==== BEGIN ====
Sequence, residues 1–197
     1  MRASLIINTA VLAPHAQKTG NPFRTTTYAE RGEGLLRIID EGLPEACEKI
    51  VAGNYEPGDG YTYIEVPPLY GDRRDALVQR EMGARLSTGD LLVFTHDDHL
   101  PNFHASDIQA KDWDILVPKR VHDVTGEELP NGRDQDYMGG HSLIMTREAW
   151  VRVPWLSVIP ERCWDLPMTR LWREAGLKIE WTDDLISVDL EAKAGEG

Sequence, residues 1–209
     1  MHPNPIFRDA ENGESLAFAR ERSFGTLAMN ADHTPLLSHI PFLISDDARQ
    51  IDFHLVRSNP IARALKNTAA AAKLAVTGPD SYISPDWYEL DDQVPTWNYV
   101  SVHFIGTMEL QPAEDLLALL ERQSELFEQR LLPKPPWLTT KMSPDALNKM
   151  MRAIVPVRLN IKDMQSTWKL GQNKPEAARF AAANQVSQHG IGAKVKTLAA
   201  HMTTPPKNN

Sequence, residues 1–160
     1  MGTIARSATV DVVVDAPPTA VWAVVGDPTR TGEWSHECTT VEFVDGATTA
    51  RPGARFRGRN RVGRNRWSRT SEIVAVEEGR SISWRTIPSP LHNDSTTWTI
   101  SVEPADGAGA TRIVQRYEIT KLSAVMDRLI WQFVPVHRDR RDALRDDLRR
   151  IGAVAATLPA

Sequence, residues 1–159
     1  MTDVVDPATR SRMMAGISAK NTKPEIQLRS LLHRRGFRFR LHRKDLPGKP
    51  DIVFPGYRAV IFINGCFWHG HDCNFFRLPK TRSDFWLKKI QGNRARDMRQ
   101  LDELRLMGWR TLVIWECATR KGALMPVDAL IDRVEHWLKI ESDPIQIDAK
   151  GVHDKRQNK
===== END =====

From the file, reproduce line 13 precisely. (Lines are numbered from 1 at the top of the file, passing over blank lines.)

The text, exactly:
     1  MGTIARSATV DVVVDAPPTA VWAVVGDPTR TGEWSHECTT VEFVDGATTA